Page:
Technical Paper

Experimental Study of Blast-Induced Traumatic Brain Injury Using a Physical Head Model

2009-11-02
2009-22-0008
This study was conducted to quantify intracranial biomechanical responses and external blast overpressures using physical head model to understand the biomechanics of blast traumatic brain injury and to provide experimental data for computer simulation of blast-induced brain trauma. Ellipsoidal-shaped physical head models, made from 3-mm polycarbonate shell filled with Sylgard 527 silicon gel, were used. Six blast tests were conducted in frontal, side, and 45° oblique orientations. External blast overpressures and internal pressures were quantified with ballistic pressure sensors. Blast overpressures, ranging from 129.5 kPa to 769.3 kPa, were generated using a rigid cannon and 1.3 to 3.0 grams of pentaerythritol tetranitrate (PETN) plastic sheet explosive (explosive yield of 13.24 kJ and TNT equivalent mass of 2.87 grams for 3 grams of material).
Technical Paper

Modeling Mission Operations Trade Spaces and Lunar C3I Capabilities

2009-07-12
2009-01-2426
This paper introduces an integration-level analysis tool to provide feedback for high-level trade spaces. The Purdue University Lunar C3I Model integrates approximations of several domain-specific models to simulate for many years the effect of network and asset parameters. This paper discusses the communication, anomaly response, and autonomy simulation models in depth. Results of these models provide specific examples of integration-level figures of merit that can be useful for comparing different campaign implementations. These figures of merit are contrasted with related domain-specific figures of merit in order to demonstrate the need for higher-level system integration decisions. A final example of integration-level results and interpretation discusses the autonomy level of the Altair lunar lander.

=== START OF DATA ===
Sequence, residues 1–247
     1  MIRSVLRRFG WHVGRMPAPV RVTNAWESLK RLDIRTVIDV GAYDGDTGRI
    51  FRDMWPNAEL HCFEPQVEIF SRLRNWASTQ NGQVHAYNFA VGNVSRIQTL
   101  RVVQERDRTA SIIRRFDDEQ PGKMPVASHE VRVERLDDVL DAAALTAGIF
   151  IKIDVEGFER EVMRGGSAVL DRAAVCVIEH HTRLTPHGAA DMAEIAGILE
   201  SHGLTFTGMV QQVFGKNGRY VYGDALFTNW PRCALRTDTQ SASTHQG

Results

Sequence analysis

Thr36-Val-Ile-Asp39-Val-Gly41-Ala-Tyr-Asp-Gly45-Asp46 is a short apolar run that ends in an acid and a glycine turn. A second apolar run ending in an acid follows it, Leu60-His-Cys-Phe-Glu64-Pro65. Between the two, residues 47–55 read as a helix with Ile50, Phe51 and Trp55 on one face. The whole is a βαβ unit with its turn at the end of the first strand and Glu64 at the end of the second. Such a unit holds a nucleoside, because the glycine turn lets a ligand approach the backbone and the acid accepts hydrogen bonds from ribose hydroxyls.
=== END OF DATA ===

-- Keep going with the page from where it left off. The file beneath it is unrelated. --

Technical Paper

A Novel Suspended Liner Test Apparatus for Friction and Side Force Measurement with Corresponding Modeling

2006-11-13
2006-32-0041
An experimental apparatus and a numerical model have been designed and developed to examine the lubrication condition and frictional losses at the piston and cylinder interface. The experimental apparatus utilizes components from a single cylinder, ten horsepower engine in a novel suspended liner arrangement. The test rig has been specifically designed to reduce the number of operating variables while utilizing actual components and geometry. A mixed lubrication model for the complete ring-pack and piston skirt was developed to correlate with experimental measurements and provide further insight into the sources of frictional losses. The results demonstrate the effects of speed and viscosity on the overall friction losses at the piston and cylinder liner interface. Comparisons between the experimental and analytical results show good agreement.
Journal Article

Modeling and Simulation of a Hydraulic Steering System

2008-10-07
2008-01-2704
Conventional hydraulic steering systems keep improving performance and driving comfort by introducing advanced features via mechanical design. The ever increasing mechanical complexity requires the advanced modeling and simulation technology to mitigate the risks in the early stage of the development process. In this paper, we focus on advanced modeling tools environment with an example of a load sensing hydraulic steering system. The complete system architecture is presented. Analytical equations are developed for a priority valve and a steering control unit as the foundation of modeling. The full version of hydraulic steering system model is developed in Dymola platform. In order to capture interaction between steering and vehicle, the co-simulation platform between the hydraulic steering system and vehicle dynamics is established by integrating Dymola, Carsim and Simulink.